عنوان مقاله [English]
Perhaps one of the oldest and most pervasive tools that states use to justify their mistreatment of offenders and to oppose minorities is to build a dual enemy-citizen structure by implementing “naming” strategy. The genealogy of criminal law disputes is located in a continuum of punitiveness with a hostility- orientedness and antagonistic content on the one hand, and tolerance with the themes of friendship and dialogue on the other. The present article tries to show the hostility- orientedness approach in reaction to the offenders by way of thought experiment and axiomatization of theoretical propositions. As per the thought experiment conducted, a wide range of theories with various epistemological foundations stood against each other. These can be classified into, 1) theories based on linguistic consensus and dialogue (Rousseau, Arendt, Habermas, and Garland), and 2) Otherness theories (Jacobs, Schmitt, and Agamben). The causal explanation of punitiveness according to the extracted propositions showed that the root of hostility-orientedness tendency lies in the way governments expect and confront the socialization of social forces, regarding their type and way of socialization, in a way that if socio-moral duties and social principles are not carried out the way the government’s desire, the Otherization of the society will be on the agenda. To hold this tendency back, though, a revision of the epistemological system of criminal law (criminalization and sentencing), finding a solution for delinquency by considering the social context, and implementing a corrective approach based on tolerance and dialogue are required.
The genealogy of criminal law is located in a continuum of security-orientedness with the aim of homogenizing society and with the themes of conflict and antagonism on the one hand (hostility-orientedness), and with direction of reform and treatment as well as the themes of consensus and dialogue on the other (friendship-orientedness). These two tendencies are signs of punitive and tolerant criminal justice systems respectively.
Rousseau’s contractualist approach, Arendt’s human rights approach, Habermas’ “communicative action” approach, and Garland’s social approach are instances of are instances of criminal justice system based on tolerance and reform. Rousseau’s approach holds that the social contract between the members of the society and its acceptance prevents disorder in the society; yet, if someone commits a crime and violates the contract and society at his own will, the authorities need to prosecute him and announce to the public that the social contract has been violated by him and that such a person is not considered a member of the community. Arendt tried to show that the consequences of the division of Europe after World War II was the overnight appearance of millions of stateless and helpless refugees and the conversion of large numbers of religious-ethnic minorities into second- or non-indigenous citizens. Habermas’ approach maintains that the goal of communicative rationality is to reach to an understanding between actors which eliminates the possibility of disagreement in a problematic relationship. Garland’s criminology of the self holds the offender as an ordinary human being who may commit a crime due to bio-psychological disorder or social deprivation. His criminology of other maintains that criminals are a group of offenders who are different from “us”. Such criminals cannot be understood as ordinary human beings.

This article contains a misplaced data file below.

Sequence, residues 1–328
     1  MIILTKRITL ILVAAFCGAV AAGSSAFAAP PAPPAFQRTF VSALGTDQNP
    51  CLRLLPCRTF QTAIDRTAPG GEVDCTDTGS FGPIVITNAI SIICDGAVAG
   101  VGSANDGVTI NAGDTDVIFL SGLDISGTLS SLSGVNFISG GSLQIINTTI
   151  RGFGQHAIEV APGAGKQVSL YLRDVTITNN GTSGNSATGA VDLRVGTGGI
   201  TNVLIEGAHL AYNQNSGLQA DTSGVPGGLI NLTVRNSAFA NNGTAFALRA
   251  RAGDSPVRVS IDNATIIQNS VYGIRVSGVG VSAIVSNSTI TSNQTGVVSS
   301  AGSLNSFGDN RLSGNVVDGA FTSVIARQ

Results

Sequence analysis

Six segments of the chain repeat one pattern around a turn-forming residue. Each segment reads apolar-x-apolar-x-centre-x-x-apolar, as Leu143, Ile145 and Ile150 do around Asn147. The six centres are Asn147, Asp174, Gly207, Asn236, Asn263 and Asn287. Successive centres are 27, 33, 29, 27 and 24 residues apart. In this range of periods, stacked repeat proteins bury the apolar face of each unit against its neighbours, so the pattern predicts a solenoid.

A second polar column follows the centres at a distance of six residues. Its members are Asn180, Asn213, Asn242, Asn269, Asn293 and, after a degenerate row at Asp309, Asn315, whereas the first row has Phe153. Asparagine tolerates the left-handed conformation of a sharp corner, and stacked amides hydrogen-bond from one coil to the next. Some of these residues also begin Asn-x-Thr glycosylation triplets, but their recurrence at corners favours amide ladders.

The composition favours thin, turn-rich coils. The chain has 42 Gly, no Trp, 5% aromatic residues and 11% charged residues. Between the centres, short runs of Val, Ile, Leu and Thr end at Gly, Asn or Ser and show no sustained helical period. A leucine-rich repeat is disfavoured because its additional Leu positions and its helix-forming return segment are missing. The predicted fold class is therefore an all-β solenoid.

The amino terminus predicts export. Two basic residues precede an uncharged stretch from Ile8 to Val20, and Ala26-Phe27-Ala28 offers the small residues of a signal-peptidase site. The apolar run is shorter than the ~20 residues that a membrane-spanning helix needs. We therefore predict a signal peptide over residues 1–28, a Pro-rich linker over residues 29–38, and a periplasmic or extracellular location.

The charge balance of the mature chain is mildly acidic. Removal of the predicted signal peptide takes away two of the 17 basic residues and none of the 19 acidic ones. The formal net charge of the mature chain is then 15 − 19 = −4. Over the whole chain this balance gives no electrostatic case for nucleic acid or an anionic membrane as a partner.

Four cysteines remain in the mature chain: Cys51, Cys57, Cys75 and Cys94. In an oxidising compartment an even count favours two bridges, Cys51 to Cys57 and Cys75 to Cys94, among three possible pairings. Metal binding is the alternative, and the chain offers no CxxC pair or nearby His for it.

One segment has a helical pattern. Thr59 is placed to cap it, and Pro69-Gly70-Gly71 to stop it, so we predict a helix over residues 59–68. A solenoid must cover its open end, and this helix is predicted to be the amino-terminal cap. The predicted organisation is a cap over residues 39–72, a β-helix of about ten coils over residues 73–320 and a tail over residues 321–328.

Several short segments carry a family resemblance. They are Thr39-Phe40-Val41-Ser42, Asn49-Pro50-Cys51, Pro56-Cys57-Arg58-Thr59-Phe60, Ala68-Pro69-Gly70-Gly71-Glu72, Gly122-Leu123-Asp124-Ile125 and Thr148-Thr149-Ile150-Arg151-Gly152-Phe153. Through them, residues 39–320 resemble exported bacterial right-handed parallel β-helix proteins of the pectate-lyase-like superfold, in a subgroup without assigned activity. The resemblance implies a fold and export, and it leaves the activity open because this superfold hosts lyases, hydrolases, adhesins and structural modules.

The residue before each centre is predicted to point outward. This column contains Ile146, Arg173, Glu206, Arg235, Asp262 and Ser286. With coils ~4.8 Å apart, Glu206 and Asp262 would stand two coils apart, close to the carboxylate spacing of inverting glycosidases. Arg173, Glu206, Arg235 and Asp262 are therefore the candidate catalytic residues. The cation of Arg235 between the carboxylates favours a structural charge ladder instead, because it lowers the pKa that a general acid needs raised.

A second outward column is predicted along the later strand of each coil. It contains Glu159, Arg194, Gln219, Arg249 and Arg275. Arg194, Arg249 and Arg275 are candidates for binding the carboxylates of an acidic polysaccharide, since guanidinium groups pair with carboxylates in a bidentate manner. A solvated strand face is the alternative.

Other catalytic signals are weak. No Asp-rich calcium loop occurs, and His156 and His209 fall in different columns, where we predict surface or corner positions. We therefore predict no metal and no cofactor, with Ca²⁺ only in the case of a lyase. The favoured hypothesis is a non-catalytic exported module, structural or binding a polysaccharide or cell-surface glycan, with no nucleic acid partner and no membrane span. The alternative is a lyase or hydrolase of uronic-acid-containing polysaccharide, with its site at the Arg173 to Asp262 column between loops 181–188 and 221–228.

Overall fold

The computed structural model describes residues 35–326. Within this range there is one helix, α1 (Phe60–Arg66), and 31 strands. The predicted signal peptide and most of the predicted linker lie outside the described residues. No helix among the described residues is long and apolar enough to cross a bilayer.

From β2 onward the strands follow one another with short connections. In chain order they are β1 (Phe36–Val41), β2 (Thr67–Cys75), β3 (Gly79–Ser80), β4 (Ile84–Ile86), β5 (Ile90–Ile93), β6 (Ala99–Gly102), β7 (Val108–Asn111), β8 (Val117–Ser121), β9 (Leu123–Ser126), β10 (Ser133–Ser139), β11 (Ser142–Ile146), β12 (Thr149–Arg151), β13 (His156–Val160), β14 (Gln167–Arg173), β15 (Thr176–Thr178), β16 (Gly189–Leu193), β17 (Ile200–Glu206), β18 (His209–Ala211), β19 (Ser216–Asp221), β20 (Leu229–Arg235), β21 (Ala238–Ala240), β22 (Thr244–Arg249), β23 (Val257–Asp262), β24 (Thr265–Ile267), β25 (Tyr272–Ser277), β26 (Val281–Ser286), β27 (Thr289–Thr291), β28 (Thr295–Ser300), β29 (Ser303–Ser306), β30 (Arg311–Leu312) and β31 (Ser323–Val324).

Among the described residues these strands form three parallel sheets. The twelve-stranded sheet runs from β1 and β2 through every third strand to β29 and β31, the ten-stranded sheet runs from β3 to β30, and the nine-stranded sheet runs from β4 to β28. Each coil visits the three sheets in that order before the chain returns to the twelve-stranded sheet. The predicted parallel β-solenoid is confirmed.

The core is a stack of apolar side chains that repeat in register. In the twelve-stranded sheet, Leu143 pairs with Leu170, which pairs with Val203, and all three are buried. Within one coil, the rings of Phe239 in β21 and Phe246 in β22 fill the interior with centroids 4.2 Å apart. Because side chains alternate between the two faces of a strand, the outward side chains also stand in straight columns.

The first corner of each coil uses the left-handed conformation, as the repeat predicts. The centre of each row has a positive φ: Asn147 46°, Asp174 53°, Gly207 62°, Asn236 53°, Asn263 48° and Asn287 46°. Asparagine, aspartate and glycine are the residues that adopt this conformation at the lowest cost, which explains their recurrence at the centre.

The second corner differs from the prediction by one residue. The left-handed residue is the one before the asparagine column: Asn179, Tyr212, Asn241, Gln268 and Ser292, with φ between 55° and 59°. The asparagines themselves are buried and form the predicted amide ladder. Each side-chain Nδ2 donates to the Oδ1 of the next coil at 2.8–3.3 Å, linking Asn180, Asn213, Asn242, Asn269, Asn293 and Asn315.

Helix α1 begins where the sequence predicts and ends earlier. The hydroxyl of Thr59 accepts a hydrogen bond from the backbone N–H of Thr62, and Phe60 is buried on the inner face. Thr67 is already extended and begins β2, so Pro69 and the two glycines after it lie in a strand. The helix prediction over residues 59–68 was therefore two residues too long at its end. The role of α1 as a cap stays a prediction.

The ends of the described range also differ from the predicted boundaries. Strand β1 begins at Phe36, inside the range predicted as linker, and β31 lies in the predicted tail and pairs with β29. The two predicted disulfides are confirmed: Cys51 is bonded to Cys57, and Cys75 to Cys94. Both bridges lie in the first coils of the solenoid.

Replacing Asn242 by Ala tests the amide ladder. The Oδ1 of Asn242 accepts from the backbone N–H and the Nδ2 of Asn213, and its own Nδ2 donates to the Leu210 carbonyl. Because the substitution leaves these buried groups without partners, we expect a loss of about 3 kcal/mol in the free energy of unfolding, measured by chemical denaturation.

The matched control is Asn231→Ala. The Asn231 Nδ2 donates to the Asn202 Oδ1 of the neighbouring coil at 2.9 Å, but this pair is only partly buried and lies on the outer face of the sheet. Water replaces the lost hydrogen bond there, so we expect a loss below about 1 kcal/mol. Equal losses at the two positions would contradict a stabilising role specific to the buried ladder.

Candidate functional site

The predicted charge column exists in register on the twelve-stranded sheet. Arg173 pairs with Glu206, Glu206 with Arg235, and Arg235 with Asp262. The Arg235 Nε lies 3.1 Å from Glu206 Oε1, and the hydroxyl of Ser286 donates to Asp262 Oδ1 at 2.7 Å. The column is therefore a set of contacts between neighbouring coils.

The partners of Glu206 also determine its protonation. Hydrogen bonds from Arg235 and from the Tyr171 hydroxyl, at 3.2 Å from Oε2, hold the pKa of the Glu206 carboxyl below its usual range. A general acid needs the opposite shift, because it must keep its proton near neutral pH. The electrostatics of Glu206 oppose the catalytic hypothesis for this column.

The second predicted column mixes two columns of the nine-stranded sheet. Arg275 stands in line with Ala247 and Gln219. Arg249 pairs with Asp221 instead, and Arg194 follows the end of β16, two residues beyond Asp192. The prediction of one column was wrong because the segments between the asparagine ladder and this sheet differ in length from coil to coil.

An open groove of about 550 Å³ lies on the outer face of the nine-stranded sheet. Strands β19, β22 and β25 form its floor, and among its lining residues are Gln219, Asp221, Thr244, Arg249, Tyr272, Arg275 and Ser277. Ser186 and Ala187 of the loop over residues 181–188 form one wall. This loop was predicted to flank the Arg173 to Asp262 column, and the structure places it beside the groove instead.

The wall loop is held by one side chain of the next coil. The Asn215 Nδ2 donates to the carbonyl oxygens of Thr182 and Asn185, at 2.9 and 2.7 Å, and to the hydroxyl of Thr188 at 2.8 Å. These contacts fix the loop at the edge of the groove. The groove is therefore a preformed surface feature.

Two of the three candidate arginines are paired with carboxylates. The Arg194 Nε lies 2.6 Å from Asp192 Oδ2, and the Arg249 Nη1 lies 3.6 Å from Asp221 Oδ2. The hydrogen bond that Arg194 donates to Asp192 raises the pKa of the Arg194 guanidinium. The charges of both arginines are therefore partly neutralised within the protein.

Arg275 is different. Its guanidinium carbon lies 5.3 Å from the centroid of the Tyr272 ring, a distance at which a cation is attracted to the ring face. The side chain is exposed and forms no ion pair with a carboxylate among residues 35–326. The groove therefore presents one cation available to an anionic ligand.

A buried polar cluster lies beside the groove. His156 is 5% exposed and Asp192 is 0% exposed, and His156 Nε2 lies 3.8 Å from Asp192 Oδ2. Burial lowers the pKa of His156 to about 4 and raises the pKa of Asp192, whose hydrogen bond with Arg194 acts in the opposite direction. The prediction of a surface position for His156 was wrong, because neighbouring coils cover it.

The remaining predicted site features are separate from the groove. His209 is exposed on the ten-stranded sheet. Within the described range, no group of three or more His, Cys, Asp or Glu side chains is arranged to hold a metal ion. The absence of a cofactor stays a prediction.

On the contrary, Jacobs’s punitiveness approach, Schmidt’s institutional violence, and Agamben’s exclusion-making and suspension of law are instances of security-oriented and differential approach. Jacob contends that, undoubtedly, the criminals who rise up in fundamental opposition to the existence of a political system must be considered enemy. For Schmidt, a political affair is nothing but a friend-enemy distinction, and violence is inherent in the politics; in fact, the political arena makes it possible to distinguish friend from enemy. Agamben also asserts that exception is a fabricated situation by the government to subject individuals or groups to its own rejection and denial by the suspension of law; and through this suspension, people who fall into the constructed framework of exceptions are removed from the realm of law.